“Coach Connelly, he’s a great motivator,” said Douglas. “He’s going to get on you and tell you what you’re doing wrong, but at the same time he’s going to motivate you to be better. I’m learning a lot from Coach Connelly, I couldn’t ask for anyone better. [He wants me to] be explosive off the ball. He always harps on that; I have a lot of great athleticism and he wants me to be explosive and use it to my advantage.”
In speaking with Douglas, a sense of pride and unity among the offensive line is noticeable; though two new starters and one over a season removed from his last duty will be among the first-team, Douglas is emphatic that the unit is as cohesive and focused as even the most tenured line could be.
According to Douglas, each player on the line brings different qualities that help create a five-man front that will overachieve and nullify concerns about the multitude of new components. Many have speculated that the losses of Garth Gerhart, Dan Knapp, Mike Marcisz, Aderious Simmons and Adam Tello may not be as catastrophic as initially presumed and Douglas of course supports that notion.
“Evan [Finkenberg] his technique, it’s some of the best you’ll see on the offensive line; he’s a smart player, too,” said Douglas. “Kody [Koebensky] knows everything that goes on in the offense. He calls out the different fronts; who’s the MIKE ‘backer, who’s the WILL ‘backer, everything. Andrew Sampson is our veteran, he gets us going, he’s the one we turn to when things are going rough and the one we turn to when things are going good.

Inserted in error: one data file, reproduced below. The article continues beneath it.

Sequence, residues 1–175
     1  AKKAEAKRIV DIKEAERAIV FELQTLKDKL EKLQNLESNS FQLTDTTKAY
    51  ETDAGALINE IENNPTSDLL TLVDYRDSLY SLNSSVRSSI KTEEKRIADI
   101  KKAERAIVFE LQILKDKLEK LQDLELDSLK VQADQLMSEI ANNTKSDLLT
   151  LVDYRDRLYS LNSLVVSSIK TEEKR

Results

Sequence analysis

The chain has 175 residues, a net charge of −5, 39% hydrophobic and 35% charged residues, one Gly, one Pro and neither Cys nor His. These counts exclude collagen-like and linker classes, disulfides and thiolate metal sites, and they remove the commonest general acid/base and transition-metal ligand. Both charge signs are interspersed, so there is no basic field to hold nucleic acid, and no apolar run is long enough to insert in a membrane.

“Brice [Schwab] sets the tempo for everyone. Every day he’s just lights out, he has his hair on fire. He sets the tempo for all of us. That’s about as hard as you’ll ever see somebody work to get where he’s at. I can learn a lot from Brice, just as far as how he handled the adversity and where he’s at now.”
Later this month, for the first time in the career of the vast majority of the Sun Devil roster, ASU will head up to Payson for Camp Tontozona. The opportunity to enhance team togetherness and strength is one that cannot be duplicated as far as the impact felt through the entire squad and the offensive line is among the position groups that can benefit the most from unity that can be created from the few days of isolation.